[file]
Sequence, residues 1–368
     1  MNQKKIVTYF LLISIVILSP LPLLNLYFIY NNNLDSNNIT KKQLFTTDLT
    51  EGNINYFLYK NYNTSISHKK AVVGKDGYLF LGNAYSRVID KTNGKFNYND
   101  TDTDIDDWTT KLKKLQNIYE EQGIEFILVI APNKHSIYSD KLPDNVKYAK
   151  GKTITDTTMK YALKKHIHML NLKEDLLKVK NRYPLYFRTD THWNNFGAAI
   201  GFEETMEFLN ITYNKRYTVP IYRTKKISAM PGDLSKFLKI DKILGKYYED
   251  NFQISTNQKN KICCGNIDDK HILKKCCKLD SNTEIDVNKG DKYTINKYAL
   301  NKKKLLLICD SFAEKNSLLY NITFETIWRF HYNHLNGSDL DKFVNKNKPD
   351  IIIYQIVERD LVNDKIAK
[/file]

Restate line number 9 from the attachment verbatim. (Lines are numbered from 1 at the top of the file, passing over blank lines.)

   351  IIIYQIVERD LVNDKIAK